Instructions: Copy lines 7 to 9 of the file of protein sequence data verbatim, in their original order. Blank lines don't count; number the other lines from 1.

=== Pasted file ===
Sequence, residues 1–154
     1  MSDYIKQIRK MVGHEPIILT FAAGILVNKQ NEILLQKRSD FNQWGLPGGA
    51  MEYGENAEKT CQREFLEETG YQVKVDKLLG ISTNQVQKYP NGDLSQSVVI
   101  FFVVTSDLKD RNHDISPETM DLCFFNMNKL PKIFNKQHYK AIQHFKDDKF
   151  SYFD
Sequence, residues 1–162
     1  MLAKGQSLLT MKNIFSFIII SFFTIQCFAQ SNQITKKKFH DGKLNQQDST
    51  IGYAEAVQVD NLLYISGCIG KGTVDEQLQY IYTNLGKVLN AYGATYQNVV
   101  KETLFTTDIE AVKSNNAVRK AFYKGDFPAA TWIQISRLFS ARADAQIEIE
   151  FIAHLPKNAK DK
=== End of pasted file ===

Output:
     1  MLAKGQSLLT MKNIFSFIII SFFTIQCFAQ SNQITKKKFH DGKLNQQDST
    51  IGYAEAVQVD NLLYISGCIG KGTVDEQLQY IYTNLGKVLN AYGATYQNVV
   101  KETLFTTDIE AVKSNNAVRK AFYKGDFPAA TWIQISRLFS ARADAQIEIE